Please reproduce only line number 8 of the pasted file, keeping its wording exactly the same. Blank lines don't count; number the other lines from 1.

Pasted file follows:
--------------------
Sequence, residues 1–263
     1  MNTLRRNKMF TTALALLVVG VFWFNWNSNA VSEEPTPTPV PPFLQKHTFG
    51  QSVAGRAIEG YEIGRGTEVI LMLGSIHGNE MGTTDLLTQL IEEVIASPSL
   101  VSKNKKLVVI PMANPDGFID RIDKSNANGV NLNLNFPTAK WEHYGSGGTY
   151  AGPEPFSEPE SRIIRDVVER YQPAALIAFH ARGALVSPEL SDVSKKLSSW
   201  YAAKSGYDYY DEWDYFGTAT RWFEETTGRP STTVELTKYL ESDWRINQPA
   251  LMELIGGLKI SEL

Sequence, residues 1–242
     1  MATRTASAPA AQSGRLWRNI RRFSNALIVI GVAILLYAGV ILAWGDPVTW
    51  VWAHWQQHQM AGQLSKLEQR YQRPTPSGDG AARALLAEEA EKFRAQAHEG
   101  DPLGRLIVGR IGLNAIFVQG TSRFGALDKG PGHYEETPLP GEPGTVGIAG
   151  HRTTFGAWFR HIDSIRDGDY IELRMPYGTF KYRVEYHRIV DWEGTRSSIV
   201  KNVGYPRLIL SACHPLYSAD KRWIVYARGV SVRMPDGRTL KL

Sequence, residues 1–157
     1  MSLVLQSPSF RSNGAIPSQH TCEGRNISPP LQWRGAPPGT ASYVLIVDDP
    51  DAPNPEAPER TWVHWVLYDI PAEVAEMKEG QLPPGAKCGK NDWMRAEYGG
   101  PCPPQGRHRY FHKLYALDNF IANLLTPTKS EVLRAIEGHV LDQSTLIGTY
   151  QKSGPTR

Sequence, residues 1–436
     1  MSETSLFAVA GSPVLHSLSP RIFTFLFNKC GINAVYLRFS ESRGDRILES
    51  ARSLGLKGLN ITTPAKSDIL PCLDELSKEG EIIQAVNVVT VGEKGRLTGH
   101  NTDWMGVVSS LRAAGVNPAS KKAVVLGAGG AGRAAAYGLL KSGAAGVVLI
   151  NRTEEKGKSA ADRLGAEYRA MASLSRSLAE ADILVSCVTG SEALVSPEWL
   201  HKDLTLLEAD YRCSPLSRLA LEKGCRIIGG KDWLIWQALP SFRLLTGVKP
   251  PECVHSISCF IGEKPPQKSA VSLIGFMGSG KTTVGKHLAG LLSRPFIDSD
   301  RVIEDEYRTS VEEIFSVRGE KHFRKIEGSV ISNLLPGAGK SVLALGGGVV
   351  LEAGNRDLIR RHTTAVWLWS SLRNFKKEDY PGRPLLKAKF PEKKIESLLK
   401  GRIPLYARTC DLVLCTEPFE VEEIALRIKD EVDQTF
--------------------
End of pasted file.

Sequence, residues 1–242